Once there, huge bright orange dunes stretched for as far as the eye could see with bright white salt pans reflecting the sun in between them. We often felt like we were on Mars traveling through this landscape. We spent 2 days climbing 1000 foot steep sand piles, exploring a slot canyon, and eating too much food at the extensive buffet. 
View from Dune 45
Summit of Dune 45
Deadvlei (Dead marsh)
Climbing Big Daddy Dune
View of Deadvlei from Big Daddy
Deadvlei playa
Slot canyoneering in Sesreim Canyon

We had a great time hanging out with Ryne and Kristin but it was unfortunately too short as they had to move on to Cape Town while Kathleen and I spent another week and a half exploring Namibia. 

      For the next section of road trip we rented a 4x4 truck that we kept describing as “Snorkel in the front, Fridge in the back”. The front had a sand snorkel due to the dusty conditions. The bed of the truck had a canopy that was a solid metal box that could be locked very securely. There was a fridge in it that ran off a separate battery and worked very well. The back had drawers to hold supplies and a folding table. There was a large water tank and two spare tires. We want a truck like this for home.
"Snorkel in the front, fridge in the back"

Our next destination was The Skeleton Coast. Even though we were warned that the coast would be “overrun” due to the holidays we found only isolated beaches with huge cold pounding surf and large flat beaches that reminded us of the Washington coast.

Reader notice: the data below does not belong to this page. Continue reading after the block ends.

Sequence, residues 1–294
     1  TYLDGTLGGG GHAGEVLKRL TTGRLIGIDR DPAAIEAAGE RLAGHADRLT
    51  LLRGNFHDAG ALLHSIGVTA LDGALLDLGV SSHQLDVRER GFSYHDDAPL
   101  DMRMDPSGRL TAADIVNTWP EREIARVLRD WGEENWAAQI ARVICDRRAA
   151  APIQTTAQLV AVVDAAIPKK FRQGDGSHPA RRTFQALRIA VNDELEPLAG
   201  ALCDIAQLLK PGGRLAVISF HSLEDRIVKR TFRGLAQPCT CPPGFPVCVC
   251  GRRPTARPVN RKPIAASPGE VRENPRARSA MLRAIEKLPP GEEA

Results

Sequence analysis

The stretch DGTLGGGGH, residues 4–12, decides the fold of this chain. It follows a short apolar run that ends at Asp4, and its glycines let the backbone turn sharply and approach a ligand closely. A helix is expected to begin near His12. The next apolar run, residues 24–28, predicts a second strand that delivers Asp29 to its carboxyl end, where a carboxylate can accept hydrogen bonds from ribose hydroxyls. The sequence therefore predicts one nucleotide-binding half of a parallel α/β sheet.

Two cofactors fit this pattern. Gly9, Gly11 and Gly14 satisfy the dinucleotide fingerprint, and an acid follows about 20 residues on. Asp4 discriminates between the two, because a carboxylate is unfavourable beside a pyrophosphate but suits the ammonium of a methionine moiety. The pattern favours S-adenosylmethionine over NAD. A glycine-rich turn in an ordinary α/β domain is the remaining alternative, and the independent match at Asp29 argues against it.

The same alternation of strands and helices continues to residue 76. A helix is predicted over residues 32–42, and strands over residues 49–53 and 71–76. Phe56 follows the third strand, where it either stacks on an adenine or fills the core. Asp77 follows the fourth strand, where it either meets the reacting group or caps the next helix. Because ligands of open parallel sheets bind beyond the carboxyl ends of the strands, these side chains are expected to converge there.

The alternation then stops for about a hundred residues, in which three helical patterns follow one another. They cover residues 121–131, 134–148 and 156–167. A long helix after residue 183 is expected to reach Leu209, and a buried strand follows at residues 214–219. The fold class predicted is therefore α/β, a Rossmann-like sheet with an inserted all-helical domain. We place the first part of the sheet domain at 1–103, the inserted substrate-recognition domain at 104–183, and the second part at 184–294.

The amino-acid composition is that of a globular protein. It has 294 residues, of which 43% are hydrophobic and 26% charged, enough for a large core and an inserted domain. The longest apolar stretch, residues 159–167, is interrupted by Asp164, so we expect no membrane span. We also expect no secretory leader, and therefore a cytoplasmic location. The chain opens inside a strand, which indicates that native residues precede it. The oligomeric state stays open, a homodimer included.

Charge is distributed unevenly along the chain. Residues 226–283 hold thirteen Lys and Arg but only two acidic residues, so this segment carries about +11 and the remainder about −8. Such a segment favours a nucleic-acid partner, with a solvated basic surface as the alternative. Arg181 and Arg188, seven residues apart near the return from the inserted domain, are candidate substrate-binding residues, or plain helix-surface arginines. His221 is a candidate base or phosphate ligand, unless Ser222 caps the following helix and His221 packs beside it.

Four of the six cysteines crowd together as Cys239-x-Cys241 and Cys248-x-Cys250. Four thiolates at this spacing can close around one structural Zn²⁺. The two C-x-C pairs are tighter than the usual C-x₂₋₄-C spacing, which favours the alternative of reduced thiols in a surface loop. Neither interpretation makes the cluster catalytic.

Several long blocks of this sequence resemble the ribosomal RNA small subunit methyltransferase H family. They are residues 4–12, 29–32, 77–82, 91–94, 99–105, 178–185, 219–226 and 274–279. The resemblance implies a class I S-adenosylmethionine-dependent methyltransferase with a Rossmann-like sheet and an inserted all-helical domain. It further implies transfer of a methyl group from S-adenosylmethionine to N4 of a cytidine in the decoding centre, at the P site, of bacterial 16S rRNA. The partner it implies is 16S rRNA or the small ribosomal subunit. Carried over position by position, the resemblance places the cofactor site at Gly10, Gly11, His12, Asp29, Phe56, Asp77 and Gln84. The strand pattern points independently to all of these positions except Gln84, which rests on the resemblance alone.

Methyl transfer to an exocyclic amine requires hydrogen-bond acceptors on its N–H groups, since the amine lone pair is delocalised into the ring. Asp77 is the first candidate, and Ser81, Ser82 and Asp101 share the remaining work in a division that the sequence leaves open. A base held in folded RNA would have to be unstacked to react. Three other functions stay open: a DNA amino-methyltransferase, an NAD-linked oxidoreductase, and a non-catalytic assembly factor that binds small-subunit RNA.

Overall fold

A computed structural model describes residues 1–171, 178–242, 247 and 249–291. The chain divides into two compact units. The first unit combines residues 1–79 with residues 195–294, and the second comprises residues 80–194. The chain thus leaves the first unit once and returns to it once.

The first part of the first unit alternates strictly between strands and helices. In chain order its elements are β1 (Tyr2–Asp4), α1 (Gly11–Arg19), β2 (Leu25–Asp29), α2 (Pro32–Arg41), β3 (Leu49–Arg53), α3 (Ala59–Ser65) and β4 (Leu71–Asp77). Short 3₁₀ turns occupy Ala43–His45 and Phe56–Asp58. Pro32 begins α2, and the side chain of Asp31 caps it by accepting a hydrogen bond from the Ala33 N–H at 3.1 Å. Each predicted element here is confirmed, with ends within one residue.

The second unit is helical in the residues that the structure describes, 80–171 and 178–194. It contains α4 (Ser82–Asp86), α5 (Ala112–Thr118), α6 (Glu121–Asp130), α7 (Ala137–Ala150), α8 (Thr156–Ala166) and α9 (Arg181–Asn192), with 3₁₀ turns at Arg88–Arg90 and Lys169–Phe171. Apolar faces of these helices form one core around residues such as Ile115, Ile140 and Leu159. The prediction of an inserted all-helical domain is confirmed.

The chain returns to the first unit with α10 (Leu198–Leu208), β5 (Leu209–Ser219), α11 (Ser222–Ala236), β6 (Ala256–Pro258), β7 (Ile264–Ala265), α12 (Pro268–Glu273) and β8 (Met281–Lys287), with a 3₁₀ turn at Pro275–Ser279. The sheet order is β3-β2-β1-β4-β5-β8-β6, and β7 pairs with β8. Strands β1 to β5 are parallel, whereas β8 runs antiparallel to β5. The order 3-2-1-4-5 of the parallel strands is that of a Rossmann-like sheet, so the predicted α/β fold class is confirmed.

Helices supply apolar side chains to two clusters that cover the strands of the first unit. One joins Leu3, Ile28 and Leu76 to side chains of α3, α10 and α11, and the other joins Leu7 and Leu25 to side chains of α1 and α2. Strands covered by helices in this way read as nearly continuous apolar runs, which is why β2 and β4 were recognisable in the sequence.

Fog back drifting up coast        
Sunset over the Atlantic Ocean

For centuries ships have been crashing into this shore so we would occasionally pass the remnants of hulls sticking up out of the surf or half buried in the sand. 
Wreck of "South West Sea"
Rusting oil derrick in desert

We also stopped at the Cape Cross Seal Reserve where it is reported that up to 100,000 fur seals live. I am not sure if it was that many but tens of thousands of seals stretched for a couple of miles along the shore and in the water. Every sound known to animals could be heard from the seals – sheep baaing, goats bleating, cows mooing, horses neighing, dogs barking, squeaks, moans, groans, and screams could be heard. A boardwalk allowed us to walk right amongst them. The seals are constantly trampling over each other and fighting as a result. It was not a place for the faint of heart. Some of the visitors we saw at the same time left in tears. The smell could bring you to tears also. While we watched we saw one baby seal get trampled and killed and dead baby seals littered the sand. At the same time we witnessed two baby seals be born. We had only ever seen something like that on TV before. It was so fascinating to watch that I didn't want to leave.